Marcel Kittel won the fourth stage of the Tour de France -- his third of the race -- in a sprint as the tour returned home from England on Tuesday.
Crashes ensnared some big names, but Vincenzo Nibali of Italy retained the yellow jersey.
Unlike his wins in Stages 1 and 3, when he made victory look easy, Kittel eked out victory by a half-wheel length at the end of the 163.5-kilometer (101-mile) ride from Le Touquet-Paris Plage to Lille Metropole along the Belgian border.
Kittel didn't celebrate this time but panted and, instead, it was runner-up Alexander Kristoff of Norway who swatted the air in frustration after being pipped at the line by the barreling German. France's Arnaud Demare was third.
Defending champion Chris Froome fell early in the stage after a rider bumped another into the Briton's front wheel. Froome got up, got bandaged, and got back to the pack. Slovak star Peter Sagan also went down in a spill, and he too recovered.
Before the stage, 2010 winner Andy Schleck dropped out because of a crash injury a day earlier. On Sunday, British sprint star Mark Cavendish quit the race after crashing in the final sprint in Stage 1 and damaging his right shoulder.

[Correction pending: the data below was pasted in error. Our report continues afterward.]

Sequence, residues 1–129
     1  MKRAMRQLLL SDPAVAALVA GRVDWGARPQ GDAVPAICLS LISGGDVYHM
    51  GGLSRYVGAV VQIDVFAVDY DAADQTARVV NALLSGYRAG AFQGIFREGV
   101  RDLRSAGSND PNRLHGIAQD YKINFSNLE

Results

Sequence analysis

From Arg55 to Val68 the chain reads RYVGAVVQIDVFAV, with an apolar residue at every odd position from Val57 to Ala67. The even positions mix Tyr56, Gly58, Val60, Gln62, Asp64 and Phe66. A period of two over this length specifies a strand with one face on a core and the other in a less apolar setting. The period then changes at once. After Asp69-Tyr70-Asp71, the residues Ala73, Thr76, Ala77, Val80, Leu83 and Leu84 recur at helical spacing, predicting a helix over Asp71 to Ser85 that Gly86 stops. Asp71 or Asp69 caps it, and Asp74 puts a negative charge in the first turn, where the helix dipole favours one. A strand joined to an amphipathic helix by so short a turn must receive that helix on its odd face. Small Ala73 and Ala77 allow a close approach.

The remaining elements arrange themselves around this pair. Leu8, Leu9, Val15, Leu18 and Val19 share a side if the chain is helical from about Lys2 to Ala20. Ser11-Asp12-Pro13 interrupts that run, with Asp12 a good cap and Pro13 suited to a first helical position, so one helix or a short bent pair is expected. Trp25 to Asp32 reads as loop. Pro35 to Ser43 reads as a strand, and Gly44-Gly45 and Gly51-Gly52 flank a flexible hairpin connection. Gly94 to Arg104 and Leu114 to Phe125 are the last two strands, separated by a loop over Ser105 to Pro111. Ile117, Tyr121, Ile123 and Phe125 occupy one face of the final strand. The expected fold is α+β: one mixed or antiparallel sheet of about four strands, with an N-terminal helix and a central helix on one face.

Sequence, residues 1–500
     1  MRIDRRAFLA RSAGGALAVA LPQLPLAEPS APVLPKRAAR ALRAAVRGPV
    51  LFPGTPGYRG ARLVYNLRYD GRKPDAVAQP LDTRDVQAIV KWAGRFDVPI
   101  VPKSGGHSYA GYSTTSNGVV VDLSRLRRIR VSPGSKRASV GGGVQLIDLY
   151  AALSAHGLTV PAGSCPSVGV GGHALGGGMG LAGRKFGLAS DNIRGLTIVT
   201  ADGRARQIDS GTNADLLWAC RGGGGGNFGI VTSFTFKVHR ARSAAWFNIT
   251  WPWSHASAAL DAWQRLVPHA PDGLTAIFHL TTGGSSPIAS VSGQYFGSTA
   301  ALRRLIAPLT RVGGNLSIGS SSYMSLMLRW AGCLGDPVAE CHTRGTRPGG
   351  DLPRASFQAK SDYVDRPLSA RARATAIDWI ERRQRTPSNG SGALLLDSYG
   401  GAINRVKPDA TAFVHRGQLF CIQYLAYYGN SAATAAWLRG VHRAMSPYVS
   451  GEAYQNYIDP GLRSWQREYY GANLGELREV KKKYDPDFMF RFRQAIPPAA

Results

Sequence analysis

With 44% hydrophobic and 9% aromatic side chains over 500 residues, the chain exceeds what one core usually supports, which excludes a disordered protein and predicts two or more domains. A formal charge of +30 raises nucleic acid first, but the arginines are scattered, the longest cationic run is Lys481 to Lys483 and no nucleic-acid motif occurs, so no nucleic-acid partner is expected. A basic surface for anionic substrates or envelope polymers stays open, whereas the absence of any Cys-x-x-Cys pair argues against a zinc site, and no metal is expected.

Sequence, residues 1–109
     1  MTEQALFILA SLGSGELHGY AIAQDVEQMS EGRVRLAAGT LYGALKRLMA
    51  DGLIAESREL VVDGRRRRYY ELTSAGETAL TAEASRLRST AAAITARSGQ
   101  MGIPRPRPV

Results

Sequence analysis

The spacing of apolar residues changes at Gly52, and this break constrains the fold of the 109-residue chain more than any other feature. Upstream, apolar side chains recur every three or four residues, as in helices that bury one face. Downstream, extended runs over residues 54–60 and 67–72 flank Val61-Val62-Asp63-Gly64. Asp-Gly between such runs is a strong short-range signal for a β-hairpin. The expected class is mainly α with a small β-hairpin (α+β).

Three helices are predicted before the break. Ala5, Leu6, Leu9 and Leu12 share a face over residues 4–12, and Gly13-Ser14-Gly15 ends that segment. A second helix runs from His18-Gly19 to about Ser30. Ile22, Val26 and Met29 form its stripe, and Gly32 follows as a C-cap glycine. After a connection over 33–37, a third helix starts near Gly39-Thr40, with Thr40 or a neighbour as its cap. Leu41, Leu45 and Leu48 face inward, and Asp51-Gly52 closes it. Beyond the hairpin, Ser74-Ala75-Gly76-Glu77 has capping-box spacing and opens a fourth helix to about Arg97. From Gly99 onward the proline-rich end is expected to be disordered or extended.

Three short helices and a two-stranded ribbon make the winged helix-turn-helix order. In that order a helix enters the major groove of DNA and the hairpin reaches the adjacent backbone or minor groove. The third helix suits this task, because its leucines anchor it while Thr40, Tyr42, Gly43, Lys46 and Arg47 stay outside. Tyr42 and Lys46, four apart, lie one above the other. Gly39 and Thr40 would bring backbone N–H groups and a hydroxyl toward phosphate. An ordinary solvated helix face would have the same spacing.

Froome and two-time champ Alberto Contador are among the 20 riders who trail Nibali in the overall standings by two seconds.
Froome, the Team Sky leader, skinned up his left knee and left elbow and hurt his left wrist in the crash, but got back on his bike and was treated by a race doctor before rejoining the peloton.
"That must hurt," race doctor Florence Pommerie told French TV, adding the injuries were mostly superficial and amounted to "essentially a few scratches."
An aching wrist could mean pain ahead for Froome, however. The pack rolls over nine patches of bumpy cobblestones on Wednesday, which could make for a joint-jarring ride and prevent him from keeping his hands on the handlebars.
Kittel has already acknowledged that his job is easier without Cavendish in the race. The Giant-Shimano rider is not a threat for the yellow jersey: Kittel is not a good climber, and lost nearly 20 minutes to Nibali in an up-and-down Stage 2.
Many race experts believe Wednesday's stage could offer the first big shakeout among the contenders because of the cobblestone treachery. Riders will cover 155.5 kilometers (97 miles) from Ypres, Belgium, to Arenberg Port du Hainaut, France.